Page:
Boardman River in Traverse City
TRAVERSE CITY, MICHIGAN — In an apparent effort to appease both sides of the Columbus Day issue, the city commission of Traverse City, Michigan voted this past Monday evening to approve a resolution to recognize Indigenous Peoples Day along with Columbus Day on the second Monday in October each year.
Traverse City Mayor Michael Estes was quick to point out the resolution does not abolish or alter the city’s recognition of Columbus Day, a federal holiday; nor will it alter or impact any city services.
Traverse City is located sixteen miles south of Peshawbestown, Michigan, home the Grand Traverse Band of Ottawa and Chippewa Indians (GTB). Last fall the Tribe passed a resolution to drop Columbus Day and replaced it with Indigenous Peoples Day.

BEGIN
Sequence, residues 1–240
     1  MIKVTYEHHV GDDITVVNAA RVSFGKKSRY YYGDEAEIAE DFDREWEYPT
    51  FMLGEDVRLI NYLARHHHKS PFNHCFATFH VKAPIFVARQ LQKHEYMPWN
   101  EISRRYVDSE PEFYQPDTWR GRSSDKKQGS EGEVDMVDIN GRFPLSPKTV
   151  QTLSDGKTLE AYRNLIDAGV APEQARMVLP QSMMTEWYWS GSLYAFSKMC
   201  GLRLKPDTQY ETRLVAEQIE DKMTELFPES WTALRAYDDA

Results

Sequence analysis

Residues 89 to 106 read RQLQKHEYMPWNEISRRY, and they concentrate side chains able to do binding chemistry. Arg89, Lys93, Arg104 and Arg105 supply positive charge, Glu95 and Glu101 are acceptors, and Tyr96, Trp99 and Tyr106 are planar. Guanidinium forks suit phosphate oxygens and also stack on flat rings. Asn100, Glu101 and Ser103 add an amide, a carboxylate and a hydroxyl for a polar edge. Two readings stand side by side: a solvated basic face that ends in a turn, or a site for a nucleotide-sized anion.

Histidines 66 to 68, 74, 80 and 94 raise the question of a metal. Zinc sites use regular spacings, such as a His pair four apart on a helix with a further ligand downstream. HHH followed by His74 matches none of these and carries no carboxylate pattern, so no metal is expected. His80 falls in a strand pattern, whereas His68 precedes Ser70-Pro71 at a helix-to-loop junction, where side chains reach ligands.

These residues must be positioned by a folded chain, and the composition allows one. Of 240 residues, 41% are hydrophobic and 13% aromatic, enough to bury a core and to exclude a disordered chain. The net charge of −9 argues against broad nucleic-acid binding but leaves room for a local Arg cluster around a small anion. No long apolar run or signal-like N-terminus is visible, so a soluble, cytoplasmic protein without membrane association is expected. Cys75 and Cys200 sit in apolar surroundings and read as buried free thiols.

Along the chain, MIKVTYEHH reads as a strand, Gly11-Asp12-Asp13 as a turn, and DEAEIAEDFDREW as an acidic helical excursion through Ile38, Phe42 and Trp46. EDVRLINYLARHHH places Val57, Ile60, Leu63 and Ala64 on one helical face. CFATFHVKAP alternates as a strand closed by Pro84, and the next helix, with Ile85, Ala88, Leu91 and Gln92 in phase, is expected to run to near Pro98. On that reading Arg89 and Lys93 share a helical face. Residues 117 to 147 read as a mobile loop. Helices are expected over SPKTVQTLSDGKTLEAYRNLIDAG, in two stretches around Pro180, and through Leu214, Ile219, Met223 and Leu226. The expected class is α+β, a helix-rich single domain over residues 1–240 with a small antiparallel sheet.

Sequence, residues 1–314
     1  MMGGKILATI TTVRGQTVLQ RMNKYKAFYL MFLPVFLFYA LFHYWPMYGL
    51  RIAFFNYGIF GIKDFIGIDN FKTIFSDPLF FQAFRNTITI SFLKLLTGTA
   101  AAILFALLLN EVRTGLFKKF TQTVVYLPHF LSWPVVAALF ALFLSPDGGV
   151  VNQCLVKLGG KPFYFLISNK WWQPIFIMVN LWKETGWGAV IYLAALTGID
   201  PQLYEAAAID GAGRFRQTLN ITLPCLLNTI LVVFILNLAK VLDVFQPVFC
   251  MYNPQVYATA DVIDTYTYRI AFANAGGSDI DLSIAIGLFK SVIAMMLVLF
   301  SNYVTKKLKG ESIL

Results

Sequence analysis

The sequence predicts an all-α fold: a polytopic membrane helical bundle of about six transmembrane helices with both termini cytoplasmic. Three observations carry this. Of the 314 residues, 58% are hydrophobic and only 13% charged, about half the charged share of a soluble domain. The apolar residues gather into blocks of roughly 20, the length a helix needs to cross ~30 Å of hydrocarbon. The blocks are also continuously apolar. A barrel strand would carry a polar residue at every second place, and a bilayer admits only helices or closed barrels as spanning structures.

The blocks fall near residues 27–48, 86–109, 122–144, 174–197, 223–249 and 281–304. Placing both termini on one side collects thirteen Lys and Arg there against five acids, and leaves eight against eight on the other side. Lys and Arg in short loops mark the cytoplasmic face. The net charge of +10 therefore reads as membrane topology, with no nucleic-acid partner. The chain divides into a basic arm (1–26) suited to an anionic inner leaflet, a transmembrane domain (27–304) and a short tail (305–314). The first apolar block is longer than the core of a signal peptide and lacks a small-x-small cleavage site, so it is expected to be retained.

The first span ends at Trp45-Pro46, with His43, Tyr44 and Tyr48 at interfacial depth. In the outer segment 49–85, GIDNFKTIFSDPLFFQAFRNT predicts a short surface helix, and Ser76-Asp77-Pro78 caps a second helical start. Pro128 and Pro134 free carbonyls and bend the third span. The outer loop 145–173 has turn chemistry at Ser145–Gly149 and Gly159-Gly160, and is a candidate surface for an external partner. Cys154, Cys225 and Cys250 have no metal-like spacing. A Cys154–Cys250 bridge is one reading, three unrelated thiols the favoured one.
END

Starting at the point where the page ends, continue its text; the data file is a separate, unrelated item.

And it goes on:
“Monday night’s action by the Traverse City Commission, through a unanimous vote of support, recognizes the efforts by many to have Indigenous Peoples Day recognized. From actions by Idle No More Michigan, the Grand Traverse Band of Ottawa and Chippewa Indians and numerous local citizens. The Traverse City Commission has taken positive action to increase awareness and promotion of understanding regarding Indigenous People; from contributions pre-dating European contact to modern day,” commented GTB Tribal Councilor Derek Bailey to Native News Online.
“Regardless how it is viewed, this is a positive moment. We must continue to work together on creating opportunities for change that brings with it positive results,” Bailey continued.
Communities across the United States, including Seattle, Berkeley and Minneapolis, have adopted resolutions that replaces Columbus Day with Indigenous Peoples Day.